Aquaman Sinks In New Orleans
Woody went to war with his nerves... and lost.
A man who once busted a putter shaft over his hard head perpetually bears watching, and those who tuned in to the Zurich Classic of New Orleans Sunday afternoon were rewarded with a sudden-death payoff.
Woody Austin would have preferred a playoff, but playoffs are routine occurrences and nothing about Austin would be considered common, for which golf is blessed. Recall that at the President's Cup last year, he tumbled into a pond. Good or bad, there's usually a show involved.
So it was that Austin came to the par-5 18th at the TPC Louisiana hunting for a birdie that would have thrust him into a playoff with eventual winner Andres Romero. As many do with water guarding the entire right side of the hole, Austin bailed out left off the tee and caught a miserable lie in the rough.
He topped his second shot, the ball never leaving the ground or reaching the fairway. His third went into the water, leading to a double bogey and a post-hole analysis that was as frank as it was uncommon in a game where players don't readily admit to psychological failings.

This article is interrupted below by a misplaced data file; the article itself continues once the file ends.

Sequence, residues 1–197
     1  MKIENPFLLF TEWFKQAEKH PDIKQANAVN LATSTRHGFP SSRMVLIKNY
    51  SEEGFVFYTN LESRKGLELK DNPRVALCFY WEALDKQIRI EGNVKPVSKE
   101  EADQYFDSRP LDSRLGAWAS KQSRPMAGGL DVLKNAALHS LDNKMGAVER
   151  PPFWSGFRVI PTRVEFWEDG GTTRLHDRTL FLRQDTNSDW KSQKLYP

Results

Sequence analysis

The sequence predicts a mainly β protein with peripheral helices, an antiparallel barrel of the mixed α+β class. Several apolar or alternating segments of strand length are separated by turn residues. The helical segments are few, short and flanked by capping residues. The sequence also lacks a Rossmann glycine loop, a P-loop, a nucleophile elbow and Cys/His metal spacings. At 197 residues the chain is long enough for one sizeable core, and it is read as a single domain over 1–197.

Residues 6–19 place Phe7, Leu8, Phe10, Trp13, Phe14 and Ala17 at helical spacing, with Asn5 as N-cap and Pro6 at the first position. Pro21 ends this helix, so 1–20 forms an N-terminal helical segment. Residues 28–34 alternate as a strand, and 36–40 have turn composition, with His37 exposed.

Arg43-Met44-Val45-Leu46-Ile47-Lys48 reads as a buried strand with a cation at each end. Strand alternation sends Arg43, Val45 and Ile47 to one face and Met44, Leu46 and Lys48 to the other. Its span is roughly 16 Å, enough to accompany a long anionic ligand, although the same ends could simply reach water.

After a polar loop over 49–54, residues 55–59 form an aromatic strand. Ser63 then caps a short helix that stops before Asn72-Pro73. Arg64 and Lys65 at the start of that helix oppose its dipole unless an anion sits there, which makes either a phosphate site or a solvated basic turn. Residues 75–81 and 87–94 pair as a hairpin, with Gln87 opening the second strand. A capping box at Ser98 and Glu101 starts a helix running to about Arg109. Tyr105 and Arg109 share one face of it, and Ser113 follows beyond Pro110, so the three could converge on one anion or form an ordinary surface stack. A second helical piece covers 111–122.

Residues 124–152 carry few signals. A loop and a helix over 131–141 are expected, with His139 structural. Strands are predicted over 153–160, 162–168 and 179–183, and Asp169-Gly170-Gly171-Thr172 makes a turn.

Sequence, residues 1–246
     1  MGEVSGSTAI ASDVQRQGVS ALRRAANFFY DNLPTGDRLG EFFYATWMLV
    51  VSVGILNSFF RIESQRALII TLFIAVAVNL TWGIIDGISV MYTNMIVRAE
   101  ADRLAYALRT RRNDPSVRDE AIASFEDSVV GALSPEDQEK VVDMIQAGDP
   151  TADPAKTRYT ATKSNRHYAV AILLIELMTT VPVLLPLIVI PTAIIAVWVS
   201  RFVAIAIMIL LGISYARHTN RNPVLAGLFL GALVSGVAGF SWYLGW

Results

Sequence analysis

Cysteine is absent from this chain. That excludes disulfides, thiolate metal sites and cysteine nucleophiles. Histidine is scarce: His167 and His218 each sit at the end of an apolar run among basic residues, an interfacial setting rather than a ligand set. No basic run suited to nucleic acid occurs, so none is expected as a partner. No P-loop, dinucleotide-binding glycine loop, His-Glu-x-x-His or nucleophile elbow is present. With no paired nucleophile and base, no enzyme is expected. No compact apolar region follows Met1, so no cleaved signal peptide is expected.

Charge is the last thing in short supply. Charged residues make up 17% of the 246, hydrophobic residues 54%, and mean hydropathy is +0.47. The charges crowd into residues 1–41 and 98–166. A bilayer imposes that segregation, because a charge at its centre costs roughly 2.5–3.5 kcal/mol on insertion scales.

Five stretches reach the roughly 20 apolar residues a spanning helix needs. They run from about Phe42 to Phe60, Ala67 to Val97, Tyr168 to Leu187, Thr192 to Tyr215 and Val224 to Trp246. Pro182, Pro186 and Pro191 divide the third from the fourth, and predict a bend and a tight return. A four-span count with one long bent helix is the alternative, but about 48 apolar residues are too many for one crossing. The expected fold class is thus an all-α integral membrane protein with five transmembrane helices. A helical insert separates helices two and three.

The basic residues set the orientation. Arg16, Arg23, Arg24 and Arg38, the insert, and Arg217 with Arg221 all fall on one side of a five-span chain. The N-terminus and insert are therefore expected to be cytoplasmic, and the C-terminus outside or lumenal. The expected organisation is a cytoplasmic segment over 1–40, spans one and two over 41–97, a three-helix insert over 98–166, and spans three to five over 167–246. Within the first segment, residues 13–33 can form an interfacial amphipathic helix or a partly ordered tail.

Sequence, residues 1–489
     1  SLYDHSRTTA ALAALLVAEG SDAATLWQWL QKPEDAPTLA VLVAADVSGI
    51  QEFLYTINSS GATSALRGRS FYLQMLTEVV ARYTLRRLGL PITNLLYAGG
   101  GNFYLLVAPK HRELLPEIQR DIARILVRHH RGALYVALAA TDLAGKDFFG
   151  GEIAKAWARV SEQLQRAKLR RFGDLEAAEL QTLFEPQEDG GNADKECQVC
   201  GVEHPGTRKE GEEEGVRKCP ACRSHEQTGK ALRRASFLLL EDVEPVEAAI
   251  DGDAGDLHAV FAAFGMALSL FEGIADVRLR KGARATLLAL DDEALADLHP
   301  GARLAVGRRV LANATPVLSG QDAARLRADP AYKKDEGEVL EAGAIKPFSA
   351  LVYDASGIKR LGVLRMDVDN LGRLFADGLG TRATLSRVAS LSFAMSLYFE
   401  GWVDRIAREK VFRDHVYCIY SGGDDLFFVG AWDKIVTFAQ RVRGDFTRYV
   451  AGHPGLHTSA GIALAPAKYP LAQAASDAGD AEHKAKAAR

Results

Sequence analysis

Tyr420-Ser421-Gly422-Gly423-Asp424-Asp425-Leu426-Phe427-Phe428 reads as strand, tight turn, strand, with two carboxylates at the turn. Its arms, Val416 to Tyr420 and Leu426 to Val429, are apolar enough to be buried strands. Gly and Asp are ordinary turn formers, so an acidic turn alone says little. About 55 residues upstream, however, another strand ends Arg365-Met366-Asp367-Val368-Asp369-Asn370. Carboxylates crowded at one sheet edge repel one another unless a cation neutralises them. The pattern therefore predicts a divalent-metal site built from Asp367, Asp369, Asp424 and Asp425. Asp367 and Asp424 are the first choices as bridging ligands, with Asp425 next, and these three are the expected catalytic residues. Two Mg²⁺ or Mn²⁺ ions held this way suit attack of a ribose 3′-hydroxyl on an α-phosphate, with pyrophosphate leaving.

"I choked my guts out," he said in an interview with NBC's Mark Rolfing. "That's all I can say. I flat out choked."
"Why would you describe it as a choke?" Rolfing asked.
"Because I played like a dog the last nine holes," said Austin. "When you're in the lead and play that poorly for nine holes you're choking. I'm not afraid to admit it. I always battle my nerves and some days I battle them better than others. All I did today was I probably putted the best I putted in my career, just to have a chance, because I was puking my guts out."
"Thanks for a very candid thought," Rolfing said.
"Sure, no problem," Austin replied, as though it were his pleasure.
It might not have been pleasurable, but it does seem to be necessary for the self-deprecating sort, a visit to the public confessional. Suffice it to say that Austin not only bears watching, but he bears listening to, as well.
The combination served to give a tournament deprived of its equilibrium by inclement weather some interest between the early conclusion of Romero's round and Peter Lonard's late run. In the interest of concluding the tournament on Sunday, PGA Tour officials declined to re-pair the players according to their standing, instead sending them out as they concluded their third rounds Sunday morning.
So Romero, the 26-year-old from Argentina, posted his winning score of 13 under par an hour or so before Austin came along with his losing-ugly routine, which preceded Lonard's charge by another hour or so.
It isn't how you would diagram a Sunday afternoon on the PGA Tour, but then again Woody Austin, thankfully, was not conceived on a drawing board.